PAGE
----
Cashews are not only tasty but apparently, they can help reduce blood pressure and improve cholesterol levels, according to a new study.
The paper, published in the Journal of Nutrition, was based on a study of 300 people in Chennai, India, who were diagnosed with type 2 diabetes. Half of the participants were instructed to consume 30 grams of unsalted, raw, broken cashew nuts per day. After three months, the researchers revealed that the patients’ blood pressure, which is most of the time very high among those with diabetes, had dropped by 5 mm. More so, their high-density lipoprotein (HDL) level, otherwise known as “good cholesterol” had increased by 2 milligrams.
Nuts, in general, have high amounts of monounsaturated fats (MUFA) and polyunsaturated fats (PUFA) which are known as “good fats”. Indian diets contain plenty of carbohydrates which are mainly derived from polished rice and refined wheat, accounting for 64 percent of total energy intake. The diets, however, are very low on MUFAs, which account for only 7 to 8 percent of total energy, with an intake of 15-20 percent being the recommended amount.
According to Dr. V Mohan of Madras diabetes research foundation and lead author of the study, cashews have a higher amount of saturated fats, something that other nuts lack. These fats are also dubbed ‘bad fats’ and are commonly found in oily food, meat, and ghee.
“Around 20 percent of the fat in cashew nut is of the saturated variety. We wanted to check if this type of saturated fat has an impact on cholesterol. It didn’t,” said Dr. Mohan.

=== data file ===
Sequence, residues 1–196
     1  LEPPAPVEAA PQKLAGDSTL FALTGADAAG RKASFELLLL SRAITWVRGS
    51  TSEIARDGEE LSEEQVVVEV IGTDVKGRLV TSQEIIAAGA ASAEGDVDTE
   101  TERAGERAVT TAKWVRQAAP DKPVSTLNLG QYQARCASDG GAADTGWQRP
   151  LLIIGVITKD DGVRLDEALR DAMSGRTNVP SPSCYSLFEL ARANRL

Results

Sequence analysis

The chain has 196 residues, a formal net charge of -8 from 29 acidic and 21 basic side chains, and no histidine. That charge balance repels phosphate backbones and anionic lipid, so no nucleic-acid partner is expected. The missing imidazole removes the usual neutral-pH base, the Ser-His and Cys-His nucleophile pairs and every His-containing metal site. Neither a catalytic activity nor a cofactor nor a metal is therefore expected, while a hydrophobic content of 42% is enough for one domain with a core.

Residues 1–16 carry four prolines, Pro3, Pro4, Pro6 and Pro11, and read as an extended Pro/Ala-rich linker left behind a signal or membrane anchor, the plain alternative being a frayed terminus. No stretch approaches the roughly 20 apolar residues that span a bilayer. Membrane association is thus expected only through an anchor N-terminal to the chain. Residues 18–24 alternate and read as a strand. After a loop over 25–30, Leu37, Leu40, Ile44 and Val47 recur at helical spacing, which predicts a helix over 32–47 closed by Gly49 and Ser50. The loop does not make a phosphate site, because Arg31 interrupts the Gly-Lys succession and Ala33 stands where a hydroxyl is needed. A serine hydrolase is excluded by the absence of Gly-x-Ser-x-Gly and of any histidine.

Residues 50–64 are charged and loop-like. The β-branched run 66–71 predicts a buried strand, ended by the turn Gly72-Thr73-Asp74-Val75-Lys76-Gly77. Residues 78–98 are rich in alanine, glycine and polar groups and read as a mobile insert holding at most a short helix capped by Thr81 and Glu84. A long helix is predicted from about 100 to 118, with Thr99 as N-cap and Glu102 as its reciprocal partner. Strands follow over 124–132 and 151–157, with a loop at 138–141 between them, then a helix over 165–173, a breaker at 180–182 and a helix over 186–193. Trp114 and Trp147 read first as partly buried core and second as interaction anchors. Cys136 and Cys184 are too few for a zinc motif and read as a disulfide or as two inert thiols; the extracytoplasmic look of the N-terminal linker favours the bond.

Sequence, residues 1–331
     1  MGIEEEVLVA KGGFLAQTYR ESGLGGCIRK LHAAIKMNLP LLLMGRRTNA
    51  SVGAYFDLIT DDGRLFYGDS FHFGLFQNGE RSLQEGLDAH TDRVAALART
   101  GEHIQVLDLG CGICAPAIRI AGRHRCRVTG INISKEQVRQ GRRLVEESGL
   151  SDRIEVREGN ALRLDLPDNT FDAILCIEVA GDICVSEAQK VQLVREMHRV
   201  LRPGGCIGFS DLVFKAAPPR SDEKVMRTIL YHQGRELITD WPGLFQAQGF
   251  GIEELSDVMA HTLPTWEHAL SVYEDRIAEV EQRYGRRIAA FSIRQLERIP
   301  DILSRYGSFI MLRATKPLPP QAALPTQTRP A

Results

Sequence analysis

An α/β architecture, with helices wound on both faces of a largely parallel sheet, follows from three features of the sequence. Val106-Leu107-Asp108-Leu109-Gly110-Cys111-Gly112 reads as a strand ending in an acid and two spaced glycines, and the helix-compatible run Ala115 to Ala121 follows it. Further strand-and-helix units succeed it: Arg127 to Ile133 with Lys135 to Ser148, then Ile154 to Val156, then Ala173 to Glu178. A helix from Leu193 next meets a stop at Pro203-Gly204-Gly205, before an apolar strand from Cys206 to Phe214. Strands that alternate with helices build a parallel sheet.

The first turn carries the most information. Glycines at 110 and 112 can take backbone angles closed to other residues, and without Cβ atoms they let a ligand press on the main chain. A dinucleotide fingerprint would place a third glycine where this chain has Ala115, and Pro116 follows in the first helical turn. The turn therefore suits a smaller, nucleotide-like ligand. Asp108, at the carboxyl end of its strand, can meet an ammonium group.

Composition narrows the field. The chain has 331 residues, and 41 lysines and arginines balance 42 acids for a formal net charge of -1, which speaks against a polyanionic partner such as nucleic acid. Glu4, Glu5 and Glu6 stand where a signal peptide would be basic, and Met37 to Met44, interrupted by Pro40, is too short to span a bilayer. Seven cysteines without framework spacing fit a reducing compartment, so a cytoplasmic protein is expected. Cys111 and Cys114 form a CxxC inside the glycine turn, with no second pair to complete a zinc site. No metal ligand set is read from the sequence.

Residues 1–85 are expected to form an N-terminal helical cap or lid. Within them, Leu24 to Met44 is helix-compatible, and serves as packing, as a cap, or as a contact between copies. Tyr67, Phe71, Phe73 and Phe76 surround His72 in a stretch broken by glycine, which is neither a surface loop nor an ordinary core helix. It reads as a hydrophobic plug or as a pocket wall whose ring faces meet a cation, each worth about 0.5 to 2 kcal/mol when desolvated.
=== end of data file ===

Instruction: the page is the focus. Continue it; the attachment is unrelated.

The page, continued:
The author warned people that cashews are effective in controlling cholesterol levels and improving blood pressure only when there are taken in their raw form and not when they are salted, fried or roasted.
Researchers also advised the participants to follow a standard diabetic diet of 1,400 calories, with 60-65 percent of energy coming from carbohydrates, 15-25 percent from fat, and the rest from protein.
One-half of participants were asked to consume 30 grams of cashew nuts a day, either as a mid-morning or evening snack, and had to reduce their carbohydrate levels to allow for an even comparison. To make sure that they followed the instructions, researchers conducted biochemical tests on both groups.
According to the study, those who consumed cashew nuts had a 1.9-fold greater reduction in blood pressure compared to the other group. In addition to the blood pressure decrease, the cashew-consuming group also registered a 16-fold greater increase in HDL cholesterol.
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